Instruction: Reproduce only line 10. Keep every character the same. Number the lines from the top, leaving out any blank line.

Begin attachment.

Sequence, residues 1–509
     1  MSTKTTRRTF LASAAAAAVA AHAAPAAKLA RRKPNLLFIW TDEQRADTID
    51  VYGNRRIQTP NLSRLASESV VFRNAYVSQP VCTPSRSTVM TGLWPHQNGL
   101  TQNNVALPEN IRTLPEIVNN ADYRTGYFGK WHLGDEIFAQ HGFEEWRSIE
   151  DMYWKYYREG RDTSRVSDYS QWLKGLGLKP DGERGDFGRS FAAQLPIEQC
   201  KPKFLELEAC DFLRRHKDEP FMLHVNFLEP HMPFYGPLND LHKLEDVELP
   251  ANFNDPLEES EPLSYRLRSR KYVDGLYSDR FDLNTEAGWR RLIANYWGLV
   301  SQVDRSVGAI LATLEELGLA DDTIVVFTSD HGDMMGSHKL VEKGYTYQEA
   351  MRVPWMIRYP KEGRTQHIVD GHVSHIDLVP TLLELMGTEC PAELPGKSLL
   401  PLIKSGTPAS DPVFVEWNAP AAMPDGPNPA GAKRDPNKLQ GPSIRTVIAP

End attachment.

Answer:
   401  PLIKSGTPAS DPVFVEWNAP AAMPDGPNPA GAKRDPNKLQ GPSIRTVIAP